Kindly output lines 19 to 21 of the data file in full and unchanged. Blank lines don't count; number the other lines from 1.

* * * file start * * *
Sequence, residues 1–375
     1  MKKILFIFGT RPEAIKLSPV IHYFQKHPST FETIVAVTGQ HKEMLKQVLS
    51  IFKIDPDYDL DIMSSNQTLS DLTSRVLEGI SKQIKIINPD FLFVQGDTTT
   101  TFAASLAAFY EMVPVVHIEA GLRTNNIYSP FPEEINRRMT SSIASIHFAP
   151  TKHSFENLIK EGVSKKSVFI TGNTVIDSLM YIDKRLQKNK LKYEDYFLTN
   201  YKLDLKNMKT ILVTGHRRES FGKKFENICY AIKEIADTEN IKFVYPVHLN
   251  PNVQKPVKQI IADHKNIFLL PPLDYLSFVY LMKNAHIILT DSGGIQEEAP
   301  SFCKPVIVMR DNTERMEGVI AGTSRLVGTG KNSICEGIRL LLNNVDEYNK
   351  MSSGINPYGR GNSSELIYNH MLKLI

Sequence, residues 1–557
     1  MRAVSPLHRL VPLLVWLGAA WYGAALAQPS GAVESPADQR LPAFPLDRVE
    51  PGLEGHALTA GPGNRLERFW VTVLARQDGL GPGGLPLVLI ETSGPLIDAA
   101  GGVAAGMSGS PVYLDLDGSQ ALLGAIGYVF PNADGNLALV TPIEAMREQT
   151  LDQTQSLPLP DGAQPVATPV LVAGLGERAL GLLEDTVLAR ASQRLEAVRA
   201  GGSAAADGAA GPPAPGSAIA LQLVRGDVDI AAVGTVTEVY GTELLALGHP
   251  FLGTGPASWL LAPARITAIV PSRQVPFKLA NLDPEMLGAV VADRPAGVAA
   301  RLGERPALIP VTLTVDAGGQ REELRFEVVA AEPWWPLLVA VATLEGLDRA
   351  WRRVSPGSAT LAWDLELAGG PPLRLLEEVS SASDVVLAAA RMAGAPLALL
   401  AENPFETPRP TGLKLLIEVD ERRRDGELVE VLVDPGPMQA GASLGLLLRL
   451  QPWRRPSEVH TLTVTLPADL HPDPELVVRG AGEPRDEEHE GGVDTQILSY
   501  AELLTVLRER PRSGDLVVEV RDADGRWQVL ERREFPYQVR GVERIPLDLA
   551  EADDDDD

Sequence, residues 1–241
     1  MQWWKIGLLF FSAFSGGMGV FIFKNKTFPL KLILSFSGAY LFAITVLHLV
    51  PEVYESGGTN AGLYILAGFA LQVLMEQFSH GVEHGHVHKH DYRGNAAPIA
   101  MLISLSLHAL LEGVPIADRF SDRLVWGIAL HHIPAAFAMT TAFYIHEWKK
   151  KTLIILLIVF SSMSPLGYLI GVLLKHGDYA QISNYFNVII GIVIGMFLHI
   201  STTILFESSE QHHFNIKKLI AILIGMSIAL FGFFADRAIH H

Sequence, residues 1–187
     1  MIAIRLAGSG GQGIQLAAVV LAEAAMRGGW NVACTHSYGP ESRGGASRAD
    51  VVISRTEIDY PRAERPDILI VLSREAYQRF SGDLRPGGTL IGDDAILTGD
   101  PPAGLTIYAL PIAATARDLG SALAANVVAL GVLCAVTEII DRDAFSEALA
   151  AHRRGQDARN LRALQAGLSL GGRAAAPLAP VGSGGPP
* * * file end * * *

   401  AENPFETPRP TGLKLLIEVD ERRRDGELVE VLVDPGPMQA GASLGLLLRL
   451  QPWRRPSEVH TLTVTLPADL HPDPELVVRG AGEPRDEEHE GGVDTQILSY
   501  AELLTVLRER PRSGDLVVEV RDADGRWQVL ERREFPYQVR GVERIPLDLA